Attached to this post is a link to an article concerning the “downside” of the “True Love Waits” movement.  Perhaps that is the downside–that it is a movement of a Christian bookstore instead of the modus operandi of Christian families in the church.  The downsides referred to in the article concern “damaged goods” and “virginity as a commodity”.  The “damaged goods” issue comes into play since virginity can only be “lost” once.  After it’s gone, by definition, it’s gone.  The article raises some valid questions about how the emphasis on mass-marketed virginity can ostracize the young ladies who are no longer virgins and cannot possibly retrieve it.  They can be forgiven, but not be really “pure” like a girl who is still a virgin.  Is this loving to our neighbors?  Is this how we would want to be treated?  These are questions the article addresses.

I wouldn’t trade the evening with my wife and daughter last October for anything.  I do not plan on changing the general direction of how I am approaching my own daughter, but I appreciate the issues raised in this article.  I love my daughter enough to instruct her in righteousness and be there with her as she matures. Do I love my neighbor’s daughter enough to be careful with my words?  Are we wise and loving enough to preach “as far as the east is from the west” right alongside “you reap what you sow”?

Fare Forward » Virginity: Christianity’s Main Idol?.<>как делать оптимизацию а

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By In Culture

The Role of Heretical Christianity in the Rise of Islam

Although North Africa enjoyed the blessing of the presence of Tertullian, Cyprian of Carthage and Augustine of Hippo, the impact of these great Catholic leaders was unable to maintain a long-lasting effect. The influence of Vandal Arianism supplanted Trinitarian Catholicism to the point that when the Muslims invaded from the East, there was no sufficient, theological base in the North Africans to resist the new Islamic heresies. Through a series of events, over a couple of centuries, the Byzantine people, and their Catholic culture, had become undesirable to the North Africans. When Vandal Arianism arrived on the scene, the North Africans were emotionally and psychologically prepared to have their Catholic dogma replaced. They did not specifically seek it out, but they were unprepared to repel the Vandal Arian heresy. Upon the acceptance of Vandal Arianism, the North Africans rejected Chalcedonian Christology and therefore, had no problem with the Islamic idea that Jesus was only a great prophet and that Mohammed had come as an even greater, and final, prophet. It was this religious difference between North Africa and the rest of Europe and southwest Asia, rather than any economic or socio-political differences, that opened the door for Islam to nearly eradicate Christianity from northern Africa.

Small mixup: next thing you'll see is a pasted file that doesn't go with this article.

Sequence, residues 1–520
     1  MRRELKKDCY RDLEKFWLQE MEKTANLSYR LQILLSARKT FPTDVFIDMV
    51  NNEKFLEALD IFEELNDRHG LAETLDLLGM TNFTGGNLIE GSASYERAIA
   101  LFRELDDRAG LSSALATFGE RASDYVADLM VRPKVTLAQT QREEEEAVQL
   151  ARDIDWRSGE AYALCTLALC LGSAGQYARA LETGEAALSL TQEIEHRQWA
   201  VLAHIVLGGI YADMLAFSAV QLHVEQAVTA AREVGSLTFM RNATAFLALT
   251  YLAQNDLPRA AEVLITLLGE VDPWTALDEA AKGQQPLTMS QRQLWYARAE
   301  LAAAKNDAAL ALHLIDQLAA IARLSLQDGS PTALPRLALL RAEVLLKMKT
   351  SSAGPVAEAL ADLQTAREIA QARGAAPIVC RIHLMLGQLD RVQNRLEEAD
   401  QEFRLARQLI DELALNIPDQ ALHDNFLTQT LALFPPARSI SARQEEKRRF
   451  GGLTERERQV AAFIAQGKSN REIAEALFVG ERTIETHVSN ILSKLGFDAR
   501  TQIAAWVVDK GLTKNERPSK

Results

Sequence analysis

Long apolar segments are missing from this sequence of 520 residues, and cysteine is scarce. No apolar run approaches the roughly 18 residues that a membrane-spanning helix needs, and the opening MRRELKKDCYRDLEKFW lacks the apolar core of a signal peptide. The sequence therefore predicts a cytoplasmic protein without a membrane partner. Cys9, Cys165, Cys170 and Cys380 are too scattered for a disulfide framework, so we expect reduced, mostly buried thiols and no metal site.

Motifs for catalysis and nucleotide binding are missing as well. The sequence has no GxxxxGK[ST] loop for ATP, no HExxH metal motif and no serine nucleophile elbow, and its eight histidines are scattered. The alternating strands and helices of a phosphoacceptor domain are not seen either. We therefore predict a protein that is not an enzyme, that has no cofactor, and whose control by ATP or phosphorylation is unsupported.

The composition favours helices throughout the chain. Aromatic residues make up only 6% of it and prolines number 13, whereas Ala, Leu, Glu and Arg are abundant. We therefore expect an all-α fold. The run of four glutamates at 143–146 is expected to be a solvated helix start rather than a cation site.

Vandal Arianism developed in the Teutonic regions of northern Europe where Christ was viewed as a step above the average man, rather than a “second degree” God as he was viewed in Hellenic Arianism.  Jesus was a hero, a commander, or king, but not God like the divine All-Father.  This is as clearly heresy as the Hellenic version, albeit distinctive in the details.

In the early 430’s, the Teutonic general, Geiseric moved down through the Iberian Peninsula across the Straits of Gibraltar into North Africa.  By 439 he had conquered North Africa from present-day Mauritania to Tripoli in Libya.  He had become “master of North Africa”.  As surely as modern politicians show favors to those who will be favorable to advance their campaign, Geiseric, a Vandal Arian, promoted his religion in all the cities of his dominion.  Things were much easier for adherents to Vandal Arianism than for those who maintained the Trinitarian Catholic faith. Many clerics were exiled to Italy and the treasures of the local churches confiscated for Arian use.  To portray Geseric and his successors as merely religious zealots would be to oversimplify the matter, for politics played an important role in establishing their rule over the Berber people of North Africa.  With little to no religious allegiance to Rome or Constantinople, a North African ruler could count on that much more fidelity from his constituency. These anti-Catholic moves by the North African leaders, as well as some dumb moves by the Byzantines and Catholics themselves, solidified the shift from Trinitarian Christianity to Vandal Arianism.